«by Telling the Truth by Brad Blanton, Ph.D. Copyright © 1994, 1996, 2003 by Brad Blanton All rights reserved. No part of this book may be reproduced ...»
How to Transform Your Life
by Telling the Truth
Brad Blanton, Ph.D.
Copyright © 1994, 1996, 2003 by Brad Blanton
All rights reserved. No part of this book may be reproduced or
transmitted in any form or by any
means, electronic or mechanical, including photocopying,
recording, or by any information storage and retrieval system,
without the written permission of the Publisher, except where
permitted by law.
Sparrowhawk Publications Stanley, Virginia Text and Cover Design by Victoria Valentine Printed by United Graphics, Inc.
Printed in the United States of America Published simultaneously in Canada January 2005 ISBN: 0-9706938-4-2 Dedicated to my Clients — Past, Present & Future “Life is a game in which the rules change as the game progresses, and you have to know where you are in the game to know what rules to play by. Furthermore, you can’t ever be certain where you are in the game, and the rules don’t always apply.” — Brad Blanton #50044 (i-286) Cx 2/18/05 7:43 AM Page vi Introduction I am sixty-four years old. I have been a psycho-therapist in Washington, D.C., for 30 years. People come to my office and pay me money to pay attention to them and do what I can to help out. I have some skill in helping people find ways to make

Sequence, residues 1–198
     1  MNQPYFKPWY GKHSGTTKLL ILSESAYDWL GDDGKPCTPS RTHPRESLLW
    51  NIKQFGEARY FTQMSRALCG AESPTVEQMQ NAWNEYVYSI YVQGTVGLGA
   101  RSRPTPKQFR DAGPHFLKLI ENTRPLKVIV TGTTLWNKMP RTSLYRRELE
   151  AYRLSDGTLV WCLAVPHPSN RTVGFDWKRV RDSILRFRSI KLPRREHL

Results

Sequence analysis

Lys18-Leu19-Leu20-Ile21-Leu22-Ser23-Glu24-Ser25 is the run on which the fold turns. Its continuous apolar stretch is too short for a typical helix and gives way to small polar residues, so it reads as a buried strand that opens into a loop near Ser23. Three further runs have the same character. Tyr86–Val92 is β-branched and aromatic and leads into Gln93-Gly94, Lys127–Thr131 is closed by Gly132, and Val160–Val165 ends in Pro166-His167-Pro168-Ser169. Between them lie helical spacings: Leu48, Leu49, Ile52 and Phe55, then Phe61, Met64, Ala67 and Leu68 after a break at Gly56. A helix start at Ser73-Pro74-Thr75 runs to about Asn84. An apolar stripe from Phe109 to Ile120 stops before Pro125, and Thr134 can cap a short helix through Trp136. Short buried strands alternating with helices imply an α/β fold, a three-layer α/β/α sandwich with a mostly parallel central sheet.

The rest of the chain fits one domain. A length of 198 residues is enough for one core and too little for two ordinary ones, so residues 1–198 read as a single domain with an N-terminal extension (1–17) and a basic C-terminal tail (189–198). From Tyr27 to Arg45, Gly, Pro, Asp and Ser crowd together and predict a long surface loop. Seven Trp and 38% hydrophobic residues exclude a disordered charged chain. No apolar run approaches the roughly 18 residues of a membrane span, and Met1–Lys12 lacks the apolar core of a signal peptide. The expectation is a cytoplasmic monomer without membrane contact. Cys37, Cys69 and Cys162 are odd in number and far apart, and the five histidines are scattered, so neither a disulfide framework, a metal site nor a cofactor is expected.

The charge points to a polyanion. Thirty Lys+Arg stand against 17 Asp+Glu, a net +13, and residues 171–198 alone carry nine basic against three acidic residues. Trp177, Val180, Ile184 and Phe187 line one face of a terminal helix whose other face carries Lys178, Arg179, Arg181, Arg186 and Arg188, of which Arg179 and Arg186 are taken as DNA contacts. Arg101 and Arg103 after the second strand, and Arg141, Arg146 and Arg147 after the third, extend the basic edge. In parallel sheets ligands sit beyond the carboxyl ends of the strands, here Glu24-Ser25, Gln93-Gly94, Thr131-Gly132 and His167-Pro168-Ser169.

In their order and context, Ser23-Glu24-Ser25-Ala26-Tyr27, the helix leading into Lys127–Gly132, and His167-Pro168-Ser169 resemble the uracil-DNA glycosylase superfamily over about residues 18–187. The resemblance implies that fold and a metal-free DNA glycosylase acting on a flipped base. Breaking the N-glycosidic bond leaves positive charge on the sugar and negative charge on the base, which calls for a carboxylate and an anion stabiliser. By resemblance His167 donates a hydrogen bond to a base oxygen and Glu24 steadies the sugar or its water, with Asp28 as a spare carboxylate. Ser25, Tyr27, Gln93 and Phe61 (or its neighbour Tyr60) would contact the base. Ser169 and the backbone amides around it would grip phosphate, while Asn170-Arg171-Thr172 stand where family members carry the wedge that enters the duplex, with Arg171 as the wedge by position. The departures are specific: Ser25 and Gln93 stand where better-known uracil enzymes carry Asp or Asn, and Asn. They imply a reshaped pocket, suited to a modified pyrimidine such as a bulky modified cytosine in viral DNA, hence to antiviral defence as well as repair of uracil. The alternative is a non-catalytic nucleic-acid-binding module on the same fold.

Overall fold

their lives work. This is what I have learned:
We all lie like hell. It wears us out. It is the major source of all human stress. Lying kills people.
The kind of lying that is most deadly is withholding, or keeping back information from someone we think would be affected by it. Psychological illness of the severest kind is the result of this kind of lying. Psychological healing is possible only with the freedom that comes from not hiding anymore.
Keeping secrets and hiding from other people is a trap.
Adolescents spend most of their time playing this hide-and-seek game. The better you are at getting by with playing hide-and seek during adolescence, the harder it is to grow up. “Important” secrets and all the plotting and cogitation that go with them are all bullshit.